A business should produce accounting information, in the way of the year end financial statements and other financial data, because there are various groups of individuals who require this information so as to make decisions. The needs and objectives of these groups are often different, so what might be useful information for one group may be of no use to another. In this article I will briefly look at some of the types of individuals who are interested in the various forms accounting information produced by a business.
This could include a bank that wants to see the financial statements in order to grant an overdraft or provide the business with a loan. The banks chief concern, before granting a loan, will be to seek assurances that the business will be able to meet the loan repayment obligations and consequently pay any capital amounts outstanding at the end of the loan term. Banks are just one type of finance provider and a business may need to provide similar accounting information to other specialist providers.
Suppliers may require accounting information to gauge a business’s ability to pay them for their supplies when the due dates fall. They will want to satisfy themselves that the business they supply to will not end up defaulting on any amounts owed.
Employees have an interest in the financial statements and other accounting information for the business, because their jobs and personal financial welfare depend on the business and how well it does. Indeed, the financial well- being of a business can have dramatic effects on the salary levels of its employees.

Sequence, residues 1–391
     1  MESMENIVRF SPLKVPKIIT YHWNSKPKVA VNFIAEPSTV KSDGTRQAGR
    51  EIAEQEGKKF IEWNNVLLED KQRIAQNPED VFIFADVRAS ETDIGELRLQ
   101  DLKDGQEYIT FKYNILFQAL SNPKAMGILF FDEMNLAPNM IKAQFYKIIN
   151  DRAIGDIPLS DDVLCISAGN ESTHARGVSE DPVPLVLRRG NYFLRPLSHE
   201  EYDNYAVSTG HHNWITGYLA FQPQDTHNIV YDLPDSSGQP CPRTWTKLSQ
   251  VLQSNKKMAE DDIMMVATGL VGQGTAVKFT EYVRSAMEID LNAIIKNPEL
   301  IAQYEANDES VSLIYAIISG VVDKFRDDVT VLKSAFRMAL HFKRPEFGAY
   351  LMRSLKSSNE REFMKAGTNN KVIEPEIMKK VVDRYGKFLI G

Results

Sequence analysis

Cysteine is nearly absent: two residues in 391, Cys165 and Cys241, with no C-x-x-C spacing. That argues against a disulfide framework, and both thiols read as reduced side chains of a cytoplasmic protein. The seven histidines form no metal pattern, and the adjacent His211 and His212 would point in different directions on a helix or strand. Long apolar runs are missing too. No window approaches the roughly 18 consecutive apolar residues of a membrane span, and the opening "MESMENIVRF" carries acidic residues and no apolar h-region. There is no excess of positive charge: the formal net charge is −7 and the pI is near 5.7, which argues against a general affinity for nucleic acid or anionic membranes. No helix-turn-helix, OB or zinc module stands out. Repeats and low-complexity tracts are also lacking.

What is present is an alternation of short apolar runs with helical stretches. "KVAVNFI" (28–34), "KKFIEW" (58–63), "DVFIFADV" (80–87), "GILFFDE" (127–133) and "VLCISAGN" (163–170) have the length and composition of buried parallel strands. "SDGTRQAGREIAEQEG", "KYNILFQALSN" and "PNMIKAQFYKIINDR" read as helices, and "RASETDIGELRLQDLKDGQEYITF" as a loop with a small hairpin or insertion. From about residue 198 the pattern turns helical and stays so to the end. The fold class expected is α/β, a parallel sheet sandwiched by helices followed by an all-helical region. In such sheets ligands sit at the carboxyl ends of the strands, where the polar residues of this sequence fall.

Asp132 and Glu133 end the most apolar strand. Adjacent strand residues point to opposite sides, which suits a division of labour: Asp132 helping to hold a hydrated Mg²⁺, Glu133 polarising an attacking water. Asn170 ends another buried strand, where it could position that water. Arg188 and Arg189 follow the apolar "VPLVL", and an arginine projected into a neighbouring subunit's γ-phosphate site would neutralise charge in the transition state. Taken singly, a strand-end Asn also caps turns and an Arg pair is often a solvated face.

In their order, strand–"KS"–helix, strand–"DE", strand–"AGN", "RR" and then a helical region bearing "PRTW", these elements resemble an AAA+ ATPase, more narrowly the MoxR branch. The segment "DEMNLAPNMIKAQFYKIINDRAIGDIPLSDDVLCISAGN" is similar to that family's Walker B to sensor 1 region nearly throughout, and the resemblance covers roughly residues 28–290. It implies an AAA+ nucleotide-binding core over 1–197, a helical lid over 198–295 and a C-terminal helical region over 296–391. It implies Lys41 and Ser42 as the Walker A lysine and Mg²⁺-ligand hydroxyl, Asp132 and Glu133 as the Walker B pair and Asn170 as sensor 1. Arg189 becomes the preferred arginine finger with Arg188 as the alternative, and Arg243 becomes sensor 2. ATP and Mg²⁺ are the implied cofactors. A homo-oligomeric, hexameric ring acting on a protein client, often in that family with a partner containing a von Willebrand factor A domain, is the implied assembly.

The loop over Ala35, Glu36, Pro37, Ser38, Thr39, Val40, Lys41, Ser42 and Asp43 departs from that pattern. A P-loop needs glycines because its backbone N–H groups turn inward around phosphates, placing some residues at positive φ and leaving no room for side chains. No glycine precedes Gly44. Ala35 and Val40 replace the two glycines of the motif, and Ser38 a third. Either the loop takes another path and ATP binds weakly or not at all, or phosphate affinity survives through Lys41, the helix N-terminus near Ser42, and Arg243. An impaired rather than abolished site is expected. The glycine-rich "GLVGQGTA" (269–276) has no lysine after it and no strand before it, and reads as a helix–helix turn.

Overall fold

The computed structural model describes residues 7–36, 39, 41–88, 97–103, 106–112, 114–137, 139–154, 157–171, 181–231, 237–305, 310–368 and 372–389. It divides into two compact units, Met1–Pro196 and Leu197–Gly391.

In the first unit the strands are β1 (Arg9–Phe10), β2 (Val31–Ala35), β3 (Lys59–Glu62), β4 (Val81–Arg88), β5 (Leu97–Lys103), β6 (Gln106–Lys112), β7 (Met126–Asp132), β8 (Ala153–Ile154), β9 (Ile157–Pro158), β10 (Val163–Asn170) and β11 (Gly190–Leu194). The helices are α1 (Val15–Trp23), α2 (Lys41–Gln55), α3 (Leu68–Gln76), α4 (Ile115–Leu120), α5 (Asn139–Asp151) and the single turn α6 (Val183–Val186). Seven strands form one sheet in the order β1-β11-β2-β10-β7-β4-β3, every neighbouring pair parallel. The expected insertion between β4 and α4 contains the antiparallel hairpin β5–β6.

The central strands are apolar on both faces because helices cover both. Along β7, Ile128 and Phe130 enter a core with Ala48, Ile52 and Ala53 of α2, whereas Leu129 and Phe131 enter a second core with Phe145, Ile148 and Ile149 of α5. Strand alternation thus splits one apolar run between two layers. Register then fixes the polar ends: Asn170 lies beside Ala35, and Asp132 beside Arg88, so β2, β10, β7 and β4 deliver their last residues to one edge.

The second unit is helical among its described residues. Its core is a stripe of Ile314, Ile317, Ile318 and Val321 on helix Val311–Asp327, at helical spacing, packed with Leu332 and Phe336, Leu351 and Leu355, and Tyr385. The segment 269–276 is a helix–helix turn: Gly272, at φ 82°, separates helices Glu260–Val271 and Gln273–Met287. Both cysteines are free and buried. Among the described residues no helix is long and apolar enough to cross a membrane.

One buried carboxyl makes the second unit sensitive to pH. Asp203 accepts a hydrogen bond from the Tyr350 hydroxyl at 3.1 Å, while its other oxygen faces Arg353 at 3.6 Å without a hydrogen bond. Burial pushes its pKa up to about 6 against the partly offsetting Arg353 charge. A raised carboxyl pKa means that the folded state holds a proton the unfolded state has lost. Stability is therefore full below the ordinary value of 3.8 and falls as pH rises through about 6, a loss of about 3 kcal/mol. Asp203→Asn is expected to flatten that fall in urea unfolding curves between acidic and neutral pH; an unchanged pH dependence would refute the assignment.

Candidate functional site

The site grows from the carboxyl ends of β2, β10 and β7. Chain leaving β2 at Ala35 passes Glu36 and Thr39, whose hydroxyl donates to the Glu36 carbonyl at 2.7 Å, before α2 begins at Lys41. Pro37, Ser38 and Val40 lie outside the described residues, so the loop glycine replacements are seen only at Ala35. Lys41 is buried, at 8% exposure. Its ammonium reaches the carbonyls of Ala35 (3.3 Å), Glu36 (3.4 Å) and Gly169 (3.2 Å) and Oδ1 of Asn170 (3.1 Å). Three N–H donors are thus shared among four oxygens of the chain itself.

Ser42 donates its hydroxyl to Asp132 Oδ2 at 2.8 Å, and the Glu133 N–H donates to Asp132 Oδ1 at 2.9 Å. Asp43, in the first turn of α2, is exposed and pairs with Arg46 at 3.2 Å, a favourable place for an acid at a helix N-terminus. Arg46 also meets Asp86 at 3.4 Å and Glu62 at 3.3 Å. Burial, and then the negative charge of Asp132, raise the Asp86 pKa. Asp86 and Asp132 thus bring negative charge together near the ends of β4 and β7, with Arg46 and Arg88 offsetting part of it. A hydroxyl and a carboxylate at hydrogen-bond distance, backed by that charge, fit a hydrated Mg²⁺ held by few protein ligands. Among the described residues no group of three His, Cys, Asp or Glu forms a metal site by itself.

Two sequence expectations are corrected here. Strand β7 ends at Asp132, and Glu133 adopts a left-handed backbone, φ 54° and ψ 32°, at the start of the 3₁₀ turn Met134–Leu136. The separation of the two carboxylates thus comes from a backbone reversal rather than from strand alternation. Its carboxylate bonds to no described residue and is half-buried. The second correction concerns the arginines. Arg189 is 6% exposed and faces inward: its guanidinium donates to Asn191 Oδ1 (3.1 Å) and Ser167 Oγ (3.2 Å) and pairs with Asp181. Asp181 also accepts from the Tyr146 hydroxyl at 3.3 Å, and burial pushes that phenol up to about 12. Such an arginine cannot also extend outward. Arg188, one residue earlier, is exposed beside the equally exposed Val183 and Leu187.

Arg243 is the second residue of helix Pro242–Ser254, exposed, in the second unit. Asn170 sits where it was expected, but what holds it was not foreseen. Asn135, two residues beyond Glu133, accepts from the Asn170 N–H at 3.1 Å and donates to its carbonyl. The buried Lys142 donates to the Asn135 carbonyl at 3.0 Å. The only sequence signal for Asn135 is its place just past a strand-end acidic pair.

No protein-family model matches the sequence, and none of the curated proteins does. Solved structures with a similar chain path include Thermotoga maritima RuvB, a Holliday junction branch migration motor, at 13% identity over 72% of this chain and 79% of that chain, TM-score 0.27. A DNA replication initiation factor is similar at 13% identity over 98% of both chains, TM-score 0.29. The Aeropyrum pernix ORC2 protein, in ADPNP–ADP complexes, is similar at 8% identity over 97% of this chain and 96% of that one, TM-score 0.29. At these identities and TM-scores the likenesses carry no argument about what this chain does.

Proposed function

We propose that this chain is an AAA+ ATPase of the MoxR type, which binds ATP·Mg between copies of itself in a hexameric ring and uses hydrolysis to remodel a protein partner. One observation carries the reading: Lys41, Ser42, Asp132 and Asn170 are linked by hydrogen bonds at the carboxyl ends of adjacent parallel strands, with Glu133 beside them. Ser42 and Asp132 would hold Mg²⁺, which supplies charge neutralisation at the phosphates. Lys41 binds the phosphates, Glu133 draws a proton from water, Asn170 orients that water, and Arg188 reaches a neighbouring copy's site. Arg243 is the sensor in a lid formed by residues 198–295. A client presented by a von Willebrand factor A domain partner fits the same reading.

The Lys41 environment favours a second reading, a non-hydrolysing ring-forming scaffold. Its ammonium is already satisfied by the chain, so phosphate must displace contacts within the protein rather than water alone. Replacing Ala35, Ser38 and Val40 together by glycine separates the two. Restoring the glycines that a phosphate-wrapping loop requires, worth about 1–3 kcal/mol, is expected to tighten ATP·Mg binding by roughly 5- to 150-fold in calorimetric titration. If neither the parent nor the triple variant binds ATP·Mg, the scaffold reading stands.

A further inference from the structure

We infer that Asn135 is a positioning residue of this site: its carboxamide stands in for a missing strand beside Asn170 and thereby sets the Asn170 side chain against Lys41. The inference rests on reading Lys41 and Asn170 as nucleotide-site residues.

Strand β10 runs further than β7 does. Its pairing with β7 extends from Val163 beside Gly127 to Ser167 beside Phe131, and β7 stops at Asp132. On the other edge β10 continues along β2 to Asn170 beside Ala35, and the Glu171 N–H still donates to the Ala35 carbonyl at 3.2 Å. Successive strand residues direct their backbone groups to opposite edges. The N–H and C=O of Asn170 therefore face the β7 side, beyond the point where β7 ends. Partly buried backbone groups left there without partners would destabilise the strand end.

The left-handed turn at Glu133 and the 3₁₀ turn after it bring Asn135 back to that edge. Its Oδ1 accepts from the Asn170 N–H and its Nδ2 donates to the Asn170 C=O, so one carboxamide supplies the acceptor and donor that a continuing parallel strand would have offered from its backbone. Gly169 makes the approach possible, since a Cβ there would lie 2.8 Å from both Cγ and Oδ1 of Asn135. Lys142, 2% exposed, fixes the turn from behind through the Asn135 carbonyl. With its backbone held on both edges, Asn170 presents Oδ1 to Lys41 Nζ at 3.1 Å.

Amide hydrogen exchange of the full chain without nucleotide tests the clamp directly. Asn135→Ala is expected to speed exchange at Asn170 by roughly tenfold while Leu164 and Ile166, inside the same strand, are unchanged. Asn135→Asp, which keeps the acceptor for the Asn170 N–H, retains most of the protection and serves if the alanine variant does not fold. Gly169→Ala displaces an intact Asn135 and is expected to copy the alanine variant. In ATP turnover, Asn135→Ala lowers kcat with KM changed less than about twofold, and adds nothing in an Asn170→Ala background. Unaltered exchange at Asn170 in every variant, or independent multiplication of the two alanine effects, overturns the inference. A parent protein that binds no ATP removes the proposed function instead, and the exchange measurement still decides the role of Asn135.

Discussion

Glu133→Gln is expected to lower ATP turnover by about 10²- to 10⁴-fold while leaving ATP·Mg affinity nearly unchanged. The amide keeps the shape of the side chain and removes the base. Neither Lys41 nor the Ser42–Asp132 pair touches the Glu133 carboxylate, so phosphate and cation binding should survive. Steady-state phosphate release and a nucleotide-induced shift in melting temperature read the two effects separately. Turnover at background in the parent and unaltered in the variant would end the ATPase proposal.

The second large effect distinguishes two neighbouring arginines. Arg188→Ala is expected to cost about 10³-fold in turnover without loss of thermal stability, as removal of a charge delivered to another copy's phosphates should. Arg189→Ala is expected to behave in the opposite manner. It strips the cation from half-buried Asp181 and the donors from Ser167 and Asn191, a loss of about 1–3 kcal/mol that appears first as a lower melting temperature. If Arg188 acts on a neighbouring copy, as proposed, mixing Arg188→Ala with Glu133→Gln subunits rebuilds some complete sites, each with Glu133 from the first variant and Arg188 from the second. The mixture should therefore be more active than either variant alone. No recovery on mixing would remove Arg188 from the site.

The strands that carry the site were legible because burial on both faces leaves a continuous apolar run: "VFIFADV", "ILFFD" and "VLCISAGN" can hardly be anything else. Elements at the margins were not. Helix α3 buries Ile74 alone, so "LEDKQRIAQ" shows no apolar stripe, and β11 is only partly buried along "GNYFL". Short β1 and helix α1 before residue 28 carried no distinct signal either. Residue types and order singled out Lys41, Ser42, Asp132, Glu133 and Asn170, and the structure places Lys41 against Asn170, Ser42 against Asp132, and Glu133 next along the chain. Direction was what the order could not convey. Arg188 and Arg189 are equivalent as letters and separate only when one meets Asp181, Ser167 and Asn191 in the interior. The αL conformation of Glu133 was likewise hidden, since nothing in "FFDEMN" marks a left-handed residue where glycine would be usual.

The managers of a business are responsible for the overseeing the daily activities of a business and ensuring that it runs smoothly. They are ultimately answer to the shareholders or owners of a business. They will require management accounting information to see how the business is performing on a monthly or quarterly basis, in addition to the annual financial statements.
HM Revenue and Customs will want to see the financial statements in order to ascertain the tax position for a business. They may also require financial information on a regular basis to support the VAT and Payroll position of a business.
Lastly, shareholders will want to see the financial statements and other accompanying financial information to assess how their investment in a company is doing, to check how management are performing and also to ascertain how much is available in the way of retained profits so they can take dividends now or in the future.